News: Small steps
Story by Sgt. Marcus Fichtl
CAMP BUEHRING, Kuwait – It ends with a few small steps across a stage, a handshake and a piece of paper, but in the same way that’s how it starts – a few small steps.
Spc. Violeta Loya walks across the Warrior Stage May 23 at Camp Buehring, Kuwait. At 5’1, her steps might be some of the smallest out of the Warrior Leader Course graduates, but they’re the first and over the next six months, 900 Soldiers will follow her lead.
Loya, a unit supply specialist with the 3rd Battalion, 43rd Air Defense Artillery, 11th ADA Brigade, stationed in Fort Bliss, Texas and deployed to Al Udeid Air Base, Qatar, but her story didn’t start in Texas or Qatar.
It begins 8,000 miles away in Garden Grove, California. The youngest daughter of a southern California family, she decided to take a chance, a step in a new direction, to become the first person in her family to join the military.
Stunned, confused and angry, her family didn’t speak to her for days, but eventually they came around.
As Loya crossed the parade field after basic training, they saw her for the first time in her uniform – black beret, tan boots, U.S. Army across her chest and an American flag on her right shoulder. They changed; Loya changed.
“My parents hugged me and told me how proud they were,” said Loya. “I realized I was about to do something no one in my family ever thought of doing.”
As time passes in a Soldier’s career, they must transition to a leader if they want to progress.
“The Warrior Leader Course is the first level of NCO development, the first step in the professional development of core attributes, morals and ethics,” said Command Sgt. Maj. Tim Hileman, commandant U.S. Army Central, Noncommissioned Officer Academy and Pennsylvania Guardsman. “We give Soldiers, after 22 days of training, the tools that they need to be a first line leaders.”
The NCOA at Camp Buehring is a unique academy. The only NCOA where all Army components, guard, reserve and active are equally represented, not only in its students, but its cadre as well. The backgrounds and teaching styles may differ, but they all teach one thing - leadership.
Army leadership, in a way, has been boiled down to a few short phrases, “deeds not words.”
And according to Hileman, it’s as simple as “be, know, do.” The emphasis is on action.
The first tools the NCOA gave Loya was a pat on the back, the position of platoon sergeants, 32 Soldiers and the simple phrase, “lead them.”
“Adapt and overcome,” Loya told herself.
“I feared that if I made a mistake, the sergeants would laugh,” she said. “I got up there and decided I wasn’t going to let rank intimidate me,” said Loya.
But when she called “fall in,” the Soldiers fell in, when she called “forward march,” forward they did march.
“I came to find out, I was very wrong about my platoon, they didn’t question me, they respected me,” she said. “When I made mistakes, they showed me the ropes. When I needed guidance, they guided me.”
They guided each other in the sand, in the classroom and on the battlefield. Presentations, tests and open discussion dominated the day, Soldiers from watercraft operators to military policemen recalled experiences that on the face were as different as their jobs, but at heart as similar as the oath they all took.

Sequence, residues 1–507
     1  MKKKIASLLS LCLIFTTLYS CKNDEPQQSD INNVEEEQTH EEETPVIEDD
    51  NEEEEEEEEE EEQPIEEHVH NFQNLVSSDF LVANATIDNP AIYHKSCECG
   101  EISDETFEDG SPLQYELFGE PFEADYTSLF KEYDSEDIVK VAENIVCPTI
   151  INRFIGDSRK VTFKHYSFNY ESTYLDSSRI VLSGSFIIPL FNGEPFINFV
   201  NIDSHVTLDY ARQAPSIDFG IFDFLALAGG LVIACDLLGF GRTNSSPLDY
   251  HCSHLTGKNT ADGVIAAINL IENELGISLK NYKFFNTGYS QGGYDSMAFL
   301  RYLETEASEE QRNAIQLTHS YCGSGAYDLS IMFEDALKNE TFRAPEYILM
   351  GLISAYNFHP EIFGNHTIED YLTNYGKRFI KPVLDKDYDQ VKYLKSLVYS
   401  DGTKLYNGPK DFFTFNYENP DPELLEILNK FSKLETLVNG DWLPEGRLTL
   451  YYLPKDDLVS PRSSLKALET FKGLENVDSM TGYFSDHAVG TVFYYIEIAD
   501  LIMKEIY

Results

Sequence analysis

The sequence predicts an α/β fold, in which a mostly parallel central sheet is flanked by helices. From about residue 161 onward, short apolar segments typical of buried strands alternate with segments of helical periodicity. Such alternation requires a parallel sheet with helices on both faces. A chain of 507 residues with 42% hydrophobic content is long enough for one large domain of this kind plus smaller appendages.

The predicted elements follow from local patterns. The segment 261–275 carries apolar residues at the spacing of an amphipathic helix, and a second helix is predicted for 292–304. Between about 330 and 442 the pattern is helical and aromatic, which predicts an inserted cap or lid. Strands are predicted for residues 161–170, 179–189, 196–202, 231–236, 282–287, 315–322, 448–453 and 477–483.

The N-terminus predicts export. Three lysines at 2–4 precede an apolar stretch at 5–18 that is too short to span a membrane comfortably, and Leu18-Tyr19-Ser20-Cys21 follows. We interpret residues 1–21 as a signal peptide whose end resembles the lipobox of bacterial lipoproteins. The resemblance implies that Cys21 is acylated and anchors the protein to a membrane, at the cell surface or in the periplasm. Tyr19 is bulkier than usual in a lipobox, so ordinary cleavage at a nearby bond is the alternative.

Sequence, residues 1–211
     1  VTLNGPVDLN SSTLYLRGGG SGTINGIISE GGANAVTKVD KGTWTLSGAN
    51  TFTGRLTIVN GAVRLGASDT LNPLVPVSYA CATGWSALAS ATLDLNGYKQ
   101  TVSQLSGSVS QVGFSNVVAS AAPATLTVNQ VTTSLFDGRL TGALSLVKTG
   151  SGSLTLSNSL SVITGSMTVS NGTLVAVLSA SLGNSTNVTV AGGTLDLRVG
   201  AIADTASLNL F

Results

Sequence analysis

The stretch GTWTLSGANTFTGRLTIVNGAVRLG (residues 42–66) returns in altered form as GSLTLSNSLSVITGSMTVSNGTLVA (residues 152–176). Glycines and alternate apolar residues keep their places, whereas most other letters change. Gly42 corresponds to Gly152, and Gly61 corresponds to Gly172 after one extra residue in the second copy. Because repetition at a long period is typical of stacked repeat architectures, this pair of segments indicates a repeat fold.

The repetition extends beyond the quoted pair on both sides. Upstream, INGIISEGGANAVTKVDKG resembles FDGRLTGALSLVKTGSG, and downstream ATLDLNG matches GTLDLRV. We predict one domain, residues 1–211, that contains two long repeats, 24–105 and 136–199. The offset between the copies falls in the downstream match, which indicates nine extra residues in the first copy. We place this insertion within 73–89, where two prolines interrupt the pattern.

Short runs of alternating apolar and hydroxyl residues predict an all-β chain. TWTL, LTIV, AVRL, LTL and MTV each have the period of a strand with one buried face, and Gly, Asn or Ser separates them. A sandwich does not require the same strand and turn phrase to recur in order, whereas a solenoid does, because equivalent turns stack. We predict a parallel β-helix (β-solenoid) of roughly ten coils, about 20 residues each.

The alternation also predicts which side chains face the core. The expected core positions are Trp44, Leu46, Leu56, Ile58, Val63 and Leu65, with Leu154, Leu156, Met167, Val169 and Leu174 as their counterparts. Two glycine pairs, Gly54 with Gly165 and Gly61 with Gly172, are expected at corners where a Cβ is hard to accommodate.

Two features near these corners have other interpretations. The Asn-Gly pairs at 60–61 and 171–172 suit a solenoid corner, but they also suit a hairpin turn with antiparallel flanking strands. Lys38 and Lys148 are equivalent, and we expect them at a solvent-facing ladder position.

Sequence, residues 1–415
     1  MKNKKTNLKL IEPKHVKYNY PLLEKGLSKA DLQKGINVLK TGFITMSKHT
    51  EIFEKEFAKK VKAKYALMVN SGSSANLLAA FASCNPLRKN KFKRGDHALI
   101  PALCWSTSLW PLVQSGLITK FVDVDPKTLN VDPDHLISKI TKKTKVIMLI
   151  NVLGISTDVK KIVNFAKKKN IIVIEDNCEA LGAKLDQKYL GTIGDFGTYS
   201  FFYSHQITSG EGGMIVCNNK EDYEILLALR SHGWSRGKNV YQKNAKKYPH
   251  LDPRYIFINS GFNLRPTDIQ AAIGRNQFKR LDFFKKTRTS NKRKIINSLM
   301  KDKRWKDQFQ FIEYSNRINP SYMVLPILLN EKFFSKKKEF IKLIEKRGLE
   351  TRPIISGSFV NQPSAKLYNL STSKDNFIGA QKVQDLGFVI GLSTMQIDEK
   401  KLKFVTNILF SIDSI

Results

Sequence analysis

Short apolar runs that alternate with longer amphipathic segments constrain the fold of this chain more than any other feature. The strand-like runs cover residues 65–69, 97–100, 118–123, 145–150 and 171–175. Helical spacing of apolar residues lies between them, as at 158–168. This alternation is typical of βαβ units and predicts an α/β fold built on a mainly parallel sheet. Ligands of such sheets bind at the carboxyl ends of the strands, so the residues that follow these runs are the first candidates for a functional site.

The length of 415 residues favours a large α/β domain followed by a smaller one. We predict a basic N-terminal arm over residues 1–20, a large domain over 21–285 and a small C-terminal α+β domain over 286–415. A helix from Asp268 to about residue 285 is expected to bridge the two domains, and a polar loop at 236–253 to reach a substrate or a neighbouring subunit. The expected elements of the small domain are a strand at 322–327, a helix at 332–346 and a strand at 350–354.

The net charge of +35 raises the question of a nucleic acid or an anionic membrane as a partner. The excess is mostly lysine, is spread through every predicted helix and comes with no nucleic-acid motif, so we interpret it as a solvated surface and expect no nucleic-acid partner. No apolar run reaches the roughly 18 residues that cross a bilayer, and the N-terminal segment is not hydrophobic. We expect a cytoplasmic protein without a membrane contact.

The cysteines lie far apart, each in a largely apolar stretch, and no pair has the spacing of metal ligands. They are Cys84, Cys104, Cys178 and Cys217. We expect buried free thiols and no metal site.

“The class showed wearing the stripes does not determine a great leader,” said Loya. “The rank does not define true leadership, true leadership is defined within the person.”
Hileman said the NCOA focused on teaching the troop leading procedures and to do what’s right when no one is looked.
“The goal for us is for sergeants to understand the expectations of being a noncommissioned officer, but then not to only understand those expectations, but put them into practice and being a more resilient Soldier by the time they leave,” said Hileman.
The course transformed Loya’s entire concept of leadership as she changed as much as she did on her basic training’s parade field.
“To be a leader did not mean much to me because coming up in the Army I didn’t really experience great leadership, I didn’t know what it meant. Now, being a leader has so much meaning to me. A leader is someone who leads, motivates, and influences,” said Loya.
As she completed the class, Loya made the commandants list, a recognition reserved for the top-twenty percent of the students in the course. No small feat, but in one final twist sitting in rehearsals for the final ceremony she learned she would also receive the Ironman Award for the highest Army Physical Fitness Test score.
She was placed in front of the entire 127 Soldier class, not just the 32 of her platoon. She would represent the Academy for its entire stay in Kuwait.
“Being the first person in the first class to walk across that stage is more powerful than anyone can imagine,” said Loya.
Loya takes her step across the stage, shakes a hand or two and receives a paper that tells her she’s an Army leader, but with her first step out the door of her Garden Grove home, five years and 8,000 miles ago, she always was.
“In the next six months, we will provide commanders with 900 fit, competent, confident and resilient NCOs,” said Hileman.